Bad Behaviors By Partners… And What Management Should DO About It
In my experience, roughly 60% of all CPA firms (below the Top 100) have either major partner conflict or a pronounced lack of effective partner communication and/or relations.
This is a huge problem because unless the partners of a firm work reasonably well together, it is very difficult for their firm to be truly successful. I’ve always been a believer of the adage “partners who play well together do well together.”
How do conflicts arise? What causes partner relations to suffer? Perhaps the biggest factor is bad behavior by specific partners. As I write this, I feel like a grade-school teacher talking about his students, but sad to say there are more similarities between the misguided behaviors of grade school students’ and CPA firm partners than you think.
When these negative behaviors are exhibited, partners are annoyed and upset at the conduct of the misbehaving partner. Partners’ natural anxiety over dealing with conflict usually results in the key players avoiding the disputes. But the negative feelings don’t go away, resulting in sort of a cold war or stalemate when bad behaviors are not addressed.
Here are some bad behaviors I see over and over again by partners.
1. Partners say that the firm’s staff are just as important as clients, but they don’t act like it and they certainly don’t allocate their time like they mean it. The worst behavior is when a partner treats staff disrespectfully or abusively.
2. Always coming up with excuses why they didn’t perform a basic partner duty (bill on time, collect receivables, deliver client reports on time, delegate, etc.).
3. Partners are jealous of those who outperform them instead of feeling overjoyed because the firm is fortunate enough to have highly productive owners. Some of these lower-paid partners (not low paid partners) are resentful of higher-performing partners’ higher compensation. Making matters worse, some high-performers “rub it in.”
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4. There is a tendency for partners to feel like they’ve “made it.” Almost like a monarchy, feeling like their actions are never to be questioned. Their attitude towards accountability, never voiced publicly, goes something like this: “I’m all for partner accountability as long as it doesn’t affect me.”
5. Objections by lower-performing partners to making the partner compensation system more performance-based because they don’t want their “free ride” to end. A frequent refrain: “I don’t need comp to motivate me.”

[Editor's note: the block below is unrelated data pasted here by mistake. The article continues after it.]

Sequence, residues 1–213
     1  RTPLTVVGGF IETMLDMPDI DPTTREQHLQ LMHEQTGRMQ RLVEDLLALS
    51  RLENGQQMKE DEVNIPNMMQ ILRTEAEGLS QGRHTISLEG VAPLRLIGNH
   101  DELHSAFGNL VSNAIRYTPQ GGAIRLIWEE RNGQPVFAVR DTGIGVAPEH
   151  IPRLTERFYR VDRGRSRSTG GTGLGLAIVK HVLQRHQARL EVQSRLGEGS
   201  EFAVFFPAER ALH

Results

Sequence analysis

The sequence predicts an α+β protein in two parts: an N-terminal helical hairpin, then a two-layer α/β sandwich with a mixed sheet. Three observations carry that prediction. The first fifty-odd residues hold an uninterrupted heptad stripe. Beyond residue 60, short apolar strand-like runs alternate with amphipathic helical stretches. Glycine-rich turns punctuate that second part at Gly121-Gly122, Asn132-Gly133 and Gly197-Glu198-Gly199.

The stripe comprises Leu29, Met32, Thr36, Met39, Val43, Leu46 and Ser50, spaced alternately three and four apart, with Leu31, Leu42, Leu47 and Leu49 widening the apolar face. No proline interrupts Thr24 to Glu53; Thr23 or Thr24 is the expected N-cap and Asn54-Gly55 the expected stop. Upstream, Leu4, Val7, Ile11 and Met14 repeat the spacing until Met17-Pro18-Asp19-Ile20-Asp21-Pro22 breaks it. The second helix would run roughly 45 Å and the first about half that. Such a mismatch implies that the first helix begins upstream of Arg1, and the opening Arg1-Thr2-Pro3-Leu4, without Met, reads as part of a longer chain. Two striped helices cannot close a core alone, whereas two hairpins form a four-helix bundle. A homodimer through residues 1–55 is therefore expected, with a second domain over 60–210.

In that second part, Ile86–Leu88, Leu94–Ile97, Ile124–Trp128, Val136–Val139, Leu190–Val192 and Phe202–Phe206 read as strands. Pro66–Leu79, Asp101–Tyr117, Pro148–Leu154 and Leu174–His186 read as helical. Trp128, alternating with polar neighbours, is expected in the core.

6. Partners reach a point where they manage a large client base, have been partners for many years and earn a great income. They become satisfied, somewhat complacent and coast. A feeling like “I would be perfectly fine if things stayed the same and nothing changed” (a recipe for stagnation if there ever was one). Other partners who are hustling every day to grow the firm naturally become resentful of the coasters.
7. A partner does too much staff-level work instead of delegating it to staff, offering as an alibi that the staff aren’t qualified to do the work because they aren’t trained well enough. This of course is a Catch-22 – part of the reason the staff are poorly trained are that some partners hog all the work.
8. Rainmakers consistently abuse the firm’s policies and procedures. They think they can get away with anything because they feel the firm lacks the courage to do something about it (and they’re probably right!).
9. Partners publicly agree with the firm’s vision and practices but privately, bad-mouth them or fail to comply with them.
10. Lacking good organizational and time management skills, partners give staff last-minute projects with a tight deadline. Then the work sits in the partner’s office for 3 weeks.
11. No one knows where certain partners are.
12. I asked a partner a while back: “Why don’t you market? His appalling response: “No one else markets so why should I?”
13. Negative Nellies: “Goal setting is not for us. We tried it a few years ago and it didn’t work.”
How to deal with underperforming partners
Performance and behavior issues must be addressed as they arise. Don’t ignore them hoping they will go away and resolve themselves. Remember, shoving problems under the carpet only creates lumps.
Identify the conflicts and problems. People can only change when they acknowledge that they are part of the problem. The offending partner must not attack, defend or withdraw.
Clarify expectations. Make it crystal clear what the firm expects of all partners and what the role and expectations are for each specific partner. Then, each partner is formally evaluated against these criteria.
An intervention by the MP. The MP should meet with the underperforming partner and have a serious conversation about necessary changes and repercussions if they are not made.
Peer pressure. One of the worst feelings partners can experience is when their fellow partners make it clear how unhappy they are with their behavior. This is why peer pressure can have a profound impact.
Performance-based compensation, which includes a meaningful factor for adhering to the firm’s core values. If you want to blatantly disregard the firm’s culture and policies, you’ll pay for it with lower comp.
Make sure your partner agreement includes a provision to terminate a partner for bad behavior. If this provision is missing in your partner agreement, there could be legal repercussions involved for this type of termination. (Let’s hope this provision is never invoked, and is instead addressed via the tactics above.)
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